National Minimum Wage helpline to Pay and Work Rights Helpline – 0800 917 2368.

How do I get a National Insurance Number?

You can apply for a NI number by phoning the National Insurance Number Allocation Service on 0345 600 0643. Have your postcode and passport handy. For more detailed information go to:

As a student do I have to pay tax?

Students are not exempt from paying income tax, but many students don’t pay tax because they earn less than the tax-free personal allowance. If you exceed this allowance in any given year you start paying tax. You can find the amount of the personal allowance at: Your income tax is calculated based on the assumption you will earn a continuous amount throughout the year, so in some circumstances where you move jobs or stop working (for example, working only during summer holidays) you may overpay tax. For more information on paying tax as a student go to

Frequently Asked Questions and Answers Q: I work an eight-hour shift – am I entitled to a break?

A: You are entitled to a break of at least 20 minutes after you have worked for six hours and you are entitled to spend your break away from our workstation.

Q: Can I get time off for my exams?

A: Many employers are sympathetic to students around exam time. However there is nothing in the law that says your employer must give you time off for exams. Discuss this with your employer and don’t wait until the last minute before an exam.

Q: Am I entitled to any holidays?

A: Your entitlement to paid holidays begins on the first day of employment and builds up gradually over the year. Your employer can control when you take your holidays and you should give them as much notice as possible. You may be entitled to payment for any untaken holidays when you leave a job. Also if you have taken more than your holiday entitlement your employer is entitled to claim it back from you.

Q: I’ve been off sick – do I get paid?

A: Check your contract to see what it says about pay whilst you are off sick. If it doesn’t then you will have to check if you are entitled to Statutory Sick Pay. Check your eligibility at If you are entitled to SSP it will be 7

paid by your employer but you don’t get anything for the first three sick days.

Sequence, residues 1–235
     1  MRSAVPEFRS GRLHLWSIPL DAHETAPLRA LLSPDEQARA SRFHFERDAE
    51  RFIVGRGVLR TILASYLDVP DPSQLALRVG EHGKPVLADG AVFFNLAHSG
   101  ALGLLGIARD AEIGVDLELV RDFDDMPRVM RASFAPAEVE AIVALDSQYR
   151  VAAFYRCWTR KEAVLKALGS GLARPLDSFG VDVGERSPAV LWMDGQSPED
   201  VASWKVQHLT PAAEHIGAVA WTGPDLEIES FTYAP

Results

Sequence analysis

Q: I want to leave my job – how much notice to I have to give?

A: This information should be written in your contract of employment. If not, you should give a reasonable amount of notice and not less than a week.

Q: My boss says I’m going to be fired – do I get some notice?

A: You will be entitled to some notice of dismissal unless you are being fired for ‘gross misconduct’. There are minimum amounts of notice laid down by law. After you have worked for one month your employer must give you at least one week’s notice. After two years you are entitled to an extra week’s notice for every year worked up to a maximum of 12 weeks notice.

Q: What does it mean to be made redundant?

A: It is a legal term for a type of dismissal, which means the work you do is no longer needed by the employer. It might be because the business is moving or closing. If you have worked for two years or more you should be entitled to some redundancy pay. For further information contact your local Citizens Advice Bureau office.

Useful contacts Pay and Work Rights

Helpline - 0800 917 2368

The Council for International Student Affairs

Rights at Work

Equality & Human Rights Commission Tel: 0141 228 5910: 0845 604 5510

Disability Information

Dept for Work and Pensions, Helpline 0345 600 0643

Tax Enquiries

Citizens Advice Bureau 0808 800 9060

Guidance on rights at work

Public Services information site


Profile for GCUstudents

Employment Guide | Issue 11  

Handbook to help with getting employment. For more advice or to talk to someone, contact or pop into our Advice Centre.

Employment Guide | Issue 11  

Handbook to help with getting employment. For more advice or to talk to someone, contact or pop into our Advice Centre.